Dawaai Blog

Can Protein Powders be Harmful


Medically reviewed by Dr. Unsa Mohsin.

Been wondering why you haven’t been making enough progress at that gym compared to those guys who you always catch drinking those muscle tonic after their workouts? Surely you’ve been convinced at least once either by your trainer or your fellow gym mates to give it a go and see the differences for yourself.  But all the while you’re skeptical regarding its contents and harmful effects to finally surrender to its pressure. Well let’s clear the air today and talk about what this particular post-workout drink or “Protein Shake” is all about.

If you’re working out, mind as well push yourself all the ‘Whey’.

Most of Supplements that you’ve encountered at the gym have a very noticeable ingredient called ‘Whey’. Now what is this ‘Whey’ you ask?  Well, let us assure you that it’s not a steroid, growth hormone or any of the other ridiculous claims that people in general make regarding it.

 It is quite simply a form of protein which is a by-product of milk that contains essential amino acids, which your body is otherwise not able to make for itself.  Studies show that it is proven to increase muscle gain, build strength and even aids in losing weight.

Whey-ing all the options

  • Whey protein concentrate: Contains roughly 70–80% protein. It’s the most common type of whey protein and has more lactose, fat and minerals from milk.
  • Whey protein isolate: Contains 90% protein or more. It’s more refined and has less lactose and fat, but it also contains fewer beneficial minerals.
  • Whey protein hydrolysate: This form is pre-digested, allowing your body to absorb it faster.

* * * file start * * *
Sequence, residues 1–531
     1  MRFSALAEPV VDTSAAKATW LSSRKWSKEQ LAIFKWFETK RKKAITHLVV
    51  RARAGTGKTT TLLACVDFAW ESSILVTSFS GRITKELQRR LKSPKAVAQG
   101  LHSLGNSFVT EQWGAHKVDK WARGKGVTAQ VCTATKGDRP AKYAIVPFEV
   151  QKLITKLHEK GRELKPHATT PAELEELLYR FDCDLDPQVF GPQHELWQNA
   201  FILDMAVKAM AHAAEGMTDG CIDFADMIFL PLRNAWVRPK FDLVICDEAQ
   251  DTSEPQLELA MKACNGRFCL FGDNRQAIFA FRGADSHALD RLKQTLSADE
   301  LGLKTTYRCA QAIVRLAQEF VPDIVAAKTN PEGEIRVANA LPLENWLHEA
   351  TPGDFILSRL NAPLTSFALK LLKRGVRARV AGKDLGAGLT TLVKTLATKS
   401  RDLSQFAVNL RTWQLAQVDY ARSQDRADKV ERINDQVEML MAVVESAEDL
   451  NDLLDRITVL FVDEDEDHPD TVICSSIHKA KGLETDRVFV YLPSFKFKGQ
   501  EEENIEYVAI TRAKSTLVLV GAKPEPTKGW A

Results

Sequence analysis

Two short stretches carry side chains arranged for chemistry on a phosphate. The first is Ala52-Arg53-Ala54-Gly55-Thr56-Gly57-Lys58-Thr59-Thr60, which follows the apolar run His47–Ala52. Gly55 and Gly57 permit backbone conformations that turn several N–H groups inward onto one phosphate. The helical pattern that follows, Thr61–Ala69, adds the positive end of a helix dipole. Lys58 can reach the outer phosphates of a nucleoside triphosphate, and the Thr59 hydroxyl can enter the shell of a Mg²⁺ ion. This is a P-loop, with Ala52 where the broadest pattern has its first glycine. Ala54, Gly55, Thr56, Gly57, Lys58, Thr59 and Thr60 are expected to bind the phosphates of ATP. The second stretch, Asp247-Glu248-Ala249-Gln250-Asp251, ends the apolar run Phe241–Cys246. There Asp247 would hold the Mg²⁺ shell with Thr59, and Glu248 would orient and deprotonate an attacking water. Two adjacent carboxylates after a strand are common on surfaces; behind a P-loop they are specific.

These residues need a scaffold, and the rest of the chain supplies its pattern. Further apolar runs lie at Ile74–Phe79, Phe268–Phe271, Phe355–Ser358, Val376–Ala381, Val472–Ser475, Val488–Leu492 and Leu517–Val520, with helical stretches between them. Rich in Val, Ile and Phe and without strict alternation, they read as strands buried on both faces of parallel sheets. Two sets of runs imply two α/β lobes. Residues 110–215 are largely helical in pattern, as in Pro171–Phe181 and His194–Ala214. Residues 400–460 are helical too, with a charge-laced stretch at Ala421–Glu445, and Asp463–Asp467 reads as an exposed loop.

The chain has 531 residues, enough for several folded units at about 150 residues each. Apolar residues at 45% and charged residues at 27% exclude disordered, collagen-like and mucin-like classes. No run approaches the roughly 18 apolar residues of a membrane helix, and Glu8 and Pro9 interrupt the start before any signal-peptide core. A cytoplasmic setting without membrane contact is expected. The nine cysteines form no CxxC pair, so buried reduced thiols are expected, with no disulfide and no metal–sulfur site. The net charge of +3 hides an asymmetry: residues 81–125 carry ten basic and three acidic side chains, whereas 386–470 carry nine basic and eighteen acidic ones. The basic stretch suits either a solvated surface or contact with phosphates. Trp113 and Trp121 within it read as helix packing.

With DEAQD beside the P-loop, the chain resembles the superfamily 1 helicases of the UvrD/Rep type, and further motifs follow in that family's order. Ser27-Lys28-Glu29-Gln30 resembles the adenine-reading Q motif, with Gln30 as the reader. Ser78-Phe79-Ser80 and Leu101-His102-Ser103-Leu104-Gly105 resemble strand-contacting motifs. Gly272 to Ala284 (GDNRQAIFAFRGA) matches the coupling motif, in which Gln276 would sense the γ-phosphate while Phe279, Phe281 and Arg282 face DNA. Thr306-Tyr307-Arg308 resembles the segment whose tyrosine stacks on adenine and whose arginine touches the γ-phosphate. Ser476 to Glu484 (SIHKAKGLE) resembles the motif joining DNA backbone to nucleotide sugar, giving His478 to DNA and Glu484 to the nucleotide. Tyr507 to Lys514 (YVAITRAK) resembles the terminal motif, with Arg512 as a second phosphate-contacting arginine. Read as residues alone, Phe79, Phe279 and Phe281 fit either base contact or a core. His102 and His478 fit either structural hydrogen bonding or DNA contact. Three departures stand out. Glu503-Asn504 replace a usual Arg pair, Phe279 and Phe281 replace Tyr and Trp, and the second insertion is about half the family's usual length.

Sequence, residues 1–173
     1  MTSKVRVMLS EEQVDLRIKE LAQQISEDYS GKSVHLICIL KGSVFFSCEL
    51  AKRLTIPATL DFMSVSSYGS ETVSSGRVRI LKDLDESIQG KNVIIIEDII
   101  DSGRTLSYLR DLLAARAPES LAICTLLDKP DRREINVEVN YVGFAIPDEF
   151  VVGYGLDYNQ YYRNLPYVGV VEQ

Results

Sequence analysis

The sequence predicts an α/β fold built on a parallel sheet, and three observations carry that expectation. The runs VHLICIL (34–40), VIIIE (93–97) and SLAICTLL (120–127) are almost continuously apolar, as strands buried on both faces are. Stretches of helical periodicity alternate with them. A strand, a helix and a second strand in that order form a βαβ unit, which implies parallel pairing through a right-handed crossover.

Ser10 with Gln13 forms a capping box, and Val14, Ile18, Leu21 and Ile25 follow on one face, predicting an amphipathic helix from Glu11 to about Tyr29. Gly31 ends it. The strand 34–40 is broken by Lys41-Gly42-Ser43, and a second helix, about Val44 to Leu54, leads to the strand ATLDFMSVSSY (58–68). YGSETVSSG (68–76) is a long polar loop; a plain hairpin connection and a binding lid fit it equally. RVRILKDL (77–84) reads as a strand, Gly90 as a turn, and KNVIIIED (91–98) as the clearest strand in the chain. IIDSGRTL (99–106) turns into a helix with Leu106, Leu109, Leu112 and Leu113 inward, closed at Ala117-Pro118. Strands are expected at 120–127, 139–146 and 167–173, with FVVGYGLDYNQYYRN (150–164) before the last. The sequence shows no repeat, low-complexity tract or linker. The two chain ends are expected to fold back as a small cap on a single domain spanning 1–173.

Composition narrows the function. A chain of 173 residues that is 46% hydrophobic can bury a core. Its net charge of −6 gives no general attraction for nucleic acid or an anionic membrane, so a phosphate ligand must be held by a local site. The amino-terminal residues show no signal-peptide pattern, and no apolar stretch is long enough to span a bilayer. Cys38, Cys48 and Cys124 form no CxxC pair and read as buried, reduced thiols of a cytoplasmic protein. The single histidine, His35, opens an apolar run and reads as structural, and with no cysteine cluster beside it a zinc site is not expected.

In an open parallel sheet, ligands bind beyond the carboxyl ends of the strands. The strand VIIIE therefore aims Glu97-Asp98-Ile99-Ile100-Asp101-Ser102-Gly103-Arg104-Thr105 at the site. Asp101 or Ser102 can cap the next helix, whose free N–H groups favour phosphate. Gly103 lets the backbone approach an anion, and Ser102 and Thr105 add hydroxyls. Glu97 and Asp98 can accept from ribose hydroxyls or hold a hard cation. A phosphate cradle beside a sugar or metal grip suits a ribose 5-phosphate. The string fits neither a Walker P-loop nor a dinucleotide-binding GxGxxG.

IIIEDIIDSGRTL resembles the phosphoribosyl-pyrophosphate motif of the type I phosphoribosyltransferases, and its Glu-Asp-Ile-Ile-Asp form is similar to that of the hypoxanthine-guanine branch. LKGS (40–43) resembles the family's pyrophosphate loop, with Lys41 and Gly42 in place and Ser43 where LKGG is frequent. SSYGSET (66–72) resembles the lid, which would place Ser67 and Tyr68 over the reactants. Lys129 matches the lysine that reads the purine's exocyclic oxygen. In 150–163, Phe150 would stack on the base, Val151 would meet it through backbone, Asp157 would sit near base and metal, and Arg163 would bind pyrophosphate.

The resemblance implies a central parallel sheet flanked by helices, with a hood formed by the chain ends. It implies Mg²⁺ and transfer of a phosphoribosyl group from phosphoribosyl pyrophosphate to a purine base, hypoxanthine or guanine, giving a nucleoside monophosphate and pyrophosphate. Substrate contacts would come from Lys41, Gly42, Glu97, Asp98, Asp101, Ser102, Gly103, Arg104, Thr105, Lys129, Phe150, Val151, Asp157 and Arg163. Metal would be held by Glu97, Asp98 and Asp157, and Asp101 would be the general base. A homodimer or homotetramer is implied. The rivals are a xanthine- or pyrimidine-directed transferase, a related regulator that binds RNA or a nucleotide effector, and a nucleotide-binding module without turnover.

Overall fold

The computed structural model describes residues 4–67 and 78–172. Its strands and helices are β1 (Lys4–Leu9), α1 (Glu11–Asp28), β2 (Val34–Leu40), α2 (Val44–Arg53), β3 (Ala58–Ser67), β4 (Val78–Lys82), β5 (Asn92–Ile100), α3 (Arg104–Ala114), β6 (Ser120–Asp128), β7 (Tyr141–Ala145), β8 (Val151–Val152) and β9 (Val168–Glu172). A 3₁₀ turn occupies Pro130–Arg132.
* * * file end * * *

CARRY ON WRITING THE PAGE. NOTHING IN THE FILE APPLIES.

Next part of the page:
Despite its health benefits and sheer effectiveness, you ought to be wondering about how something so convenient can have zero harm.

Does the hustle for that protein shake muscle not come with any side effects?

Although Whey Protein is generally safe and a considerable option for most people who want to increase their protein intake, it is seldom unsettling for others. If you suffer from lactose intolerance, it may be advised to stay clear from particular forms of supplement since it’s generally derived from cow’s milk.

Constipation is also likely for those with a low-carb intake who have reduced their intake of fruit, vegetable and other fiber-related sources.  Apart from that, those with cow’s milk allergy (which is quite rare) may also suffer from adverse reactions such as rashes, facial swelling, and a runny or stuffy nose. But not to worry, cow’s milk is not the only source of Whey and there are other Non-Dairy alternatives that are better suited for your preference.

Dairy-based issues getting in the ‘Whey’?

If you’re a strict vegetarian, a staunch animal rights activist or your body simply disagrees with dairy based products, you shouldn’t worry about it putting a dent on your fitness plans so much. Try a Non-Dairy Protein Powder such as soy, pea, egg, rice or hemp protein or even a Whey Protein Isolate which is known to be equally as effective.

To Sum Up

Let’s hope this guide proves beneficial to your journey when it comes to making some gains or if you want to cut weight right in time for ‘Shaadi Season’. You will find that chugging a scoop or two (as recommended) in the morning, or after your workout, might just be what you need to deliver those results you’ve been desperately craving for.

I’ll see you on the bench press, Good day!

Guest Credits: Dr Shayan Imran



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